“I want to see us support and make coal more competitive,” said House Minority Leader Corey Mock, a Democrat from Grand Forks, said in a committee hearing in Bismarck last week. “But I certainly wouldn’t want to do it at the expense of other energy industries.”
That’s an ironic statement given that the topic at hand was the heavy subsidies, and blatant government promotion, wind energy receives at the expense of all other forms of energy. But more ironic than Rep. Mock’s comments was a statement made by a pro-wind lawmaker.
In its original form the bill, introduced by Senator Jessica Unruh (R-Beulah), would have stopped wind energy’s preferential treatment in getting to sell their power into the grid before anyone else, and would also have prohibited any electrical rate increases in North Dakota justified in any way by green energy mandates in other states.
I thought that was solid legislation, but it got a “hog house” amendment from Senator Dwight Cook (R-Mandan) turning it into a moratorium on new wind projects in the state. That iteration of the bill drew so much opposition from the aforementioned wind energy lobbyists, and their allied lawmakers, that it was again amended into a study which passed the Senate on a 42-4 vote last month.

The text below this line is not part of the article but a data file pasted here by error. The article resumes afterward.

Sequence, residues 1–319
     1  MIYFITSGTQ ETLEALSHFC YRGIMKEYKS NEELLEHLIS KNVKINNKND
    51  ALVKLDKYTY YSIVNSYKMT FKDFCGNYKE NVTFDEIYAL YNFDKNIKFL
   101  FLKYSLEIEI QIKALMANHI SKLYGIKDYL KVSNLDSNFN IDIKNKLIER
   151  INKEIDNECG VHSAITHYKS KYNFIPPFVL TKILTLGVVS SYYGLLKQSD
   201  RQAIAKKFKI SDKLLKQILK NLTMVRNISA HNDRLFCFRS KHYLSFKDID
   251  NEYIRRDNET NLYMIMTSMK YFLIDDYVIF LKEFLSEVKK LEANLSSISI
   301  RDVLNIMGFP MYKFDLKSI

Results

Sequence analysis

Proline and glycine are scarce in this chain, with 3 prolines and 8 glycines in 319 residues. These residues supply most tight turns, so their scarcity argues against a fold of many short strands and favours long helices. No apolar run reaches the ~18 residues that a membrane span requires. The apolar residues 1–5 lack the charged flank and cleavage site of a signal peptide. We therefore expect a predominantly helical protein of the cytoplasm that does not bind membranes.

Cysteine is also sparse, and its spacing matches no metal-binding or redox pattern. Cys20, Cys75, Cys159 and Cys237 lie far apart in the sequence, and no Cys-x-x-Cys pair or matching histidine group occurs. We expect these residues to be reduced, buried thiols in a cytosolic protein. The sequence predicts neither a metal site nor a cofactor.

Last week the bill was before a House committee where Majority Leader Al Carlson proposed the aforementioned amendment. This one would have prohibited the Public Service Commission from permitting any new wind energy projects unless a) it’s demonstrated that the energy is needed and b) won’t harm the reliability of the energy grid.
Rep. Mike Brandenburg, a Republican from Edgeley and reliable ally of the wind energy lobbyists, called Carlson’s amendment a “glorified moratorium.”
That’s telling, because Carlson’s amendment could only be a moratorium for wind energy development if that energy a) isn’t needed and/or b) would destabilize the power grid.
It’s almost like Brandenburg is admitting that we are building wind energy capacity not to satisfy public demand but to cash in on big government subsidies, and that the increased reliance on intermittent wind power is making our power grid unstable.
That’s remarkable statement.
Anyway, Carlson’s amendment was defeated, though SB2134 was amended to add “need” to the list of requirements a proposed wind energy project must satisfy, something which also left Brandenburg and the army of wind energy lobbyists in Bismarck grumpy.
The bill should come to the floor for a vote today.